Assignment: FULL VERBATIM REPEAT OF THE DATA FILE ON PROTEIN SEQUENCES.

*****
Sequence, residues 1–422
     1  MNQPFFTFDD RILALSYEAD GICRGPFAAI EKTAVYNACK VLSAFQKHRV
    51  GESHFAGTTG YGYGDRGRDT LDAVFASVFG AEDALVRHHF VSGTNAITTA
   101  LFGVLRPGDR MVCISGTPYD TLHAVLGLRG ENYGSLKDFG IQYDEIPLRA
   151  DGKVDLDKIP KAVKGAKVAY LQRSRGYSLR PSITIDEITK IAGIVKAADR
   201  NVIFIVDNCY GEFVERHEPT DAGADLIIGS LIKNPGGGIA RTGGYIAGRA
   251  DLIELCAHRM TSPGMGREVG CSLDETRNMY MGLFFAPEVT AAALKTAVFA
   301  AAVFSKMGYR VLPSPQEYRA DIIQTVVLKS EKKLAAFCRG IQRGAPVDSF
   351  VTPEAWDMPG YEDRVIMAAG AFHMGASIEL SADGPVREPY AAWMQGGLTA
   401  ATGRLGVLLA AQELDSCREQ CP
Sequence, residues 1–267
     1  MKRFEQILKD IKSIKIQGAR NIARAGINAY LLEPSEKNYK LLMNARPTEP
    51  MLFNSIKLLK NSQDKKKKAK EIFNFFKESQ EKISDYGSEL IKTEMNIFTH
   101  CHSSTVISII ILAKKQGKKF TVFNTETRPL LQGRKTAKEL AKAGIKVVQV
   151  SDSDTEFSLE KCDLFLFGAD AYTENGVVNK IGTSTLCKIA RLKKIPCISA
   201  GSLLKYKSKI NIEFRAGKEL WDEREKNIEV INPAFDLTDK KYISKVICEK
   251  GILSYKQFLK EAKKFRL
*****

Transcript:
Sequence, residues 1–422
     1  MNQPFFTFDD RILALSYEAD GICRGPFAAI EKTAVYNACK VLSAFQKHRV
    51  GESHFAGTTG YGYGDRGRDT LDAVFASVFG AEDALVRHHF VSGTNAITTA
   101  LFGVLRPGDR MVCISGTPYD TLHAVLGLRG ENYGSLKDFG IQYDEIPLRA
   151  DGKVDLDKIP KAVKGAKVAY LQRSRGYSLR PSITIDEITK IAGIVKAADR
   201  NVIFIVDNCY GEFVERHEPT DAGADLIIGS LIKNPGGGIA RTGGYIAGRA
   251  DLIELCAHRM TSPGMGREVG CSLDETRNMY MGLFFAPEVT AAALKTAVFA
   301  AAVFSKMGYR VLPSPQEYRA DIIQTVVLKS EKKLAAFCRG IQRGAPVDSF
   351  VTPEAWDMPG YEDRVIMAAG AFHMGASIEL SADGPVREPY AAWMQGGLTA
   401  ATGRLGVLLA AQELDSCREQ CP
Sequence, residues 1–267
     1  MKRFEQILKD IKSIKIQGAR NIARAGINAY LLEPSEKNYK LLMNARPTEP
    51  MLFNSIKLLK NSQDKKKKAK EIFNFFKESQ EKISDYGSEL IKTEMNIFTH
   101  CHSSTVISII ILAKKQGKKF TVFNTETRPL LQGRKTAKEL AKAGIKVVQV
   151  SDSDTEFSLE KCDLFLFGAD AYTENGVVNK IGTSTLCKIA RLKKIPCISA
   201  GSLLKYKSKI NIEFRAGKEL WDEREKNIEV INPAFDLTDK KYISKVICEK
   251  GILSYKQFLK EAKKFRL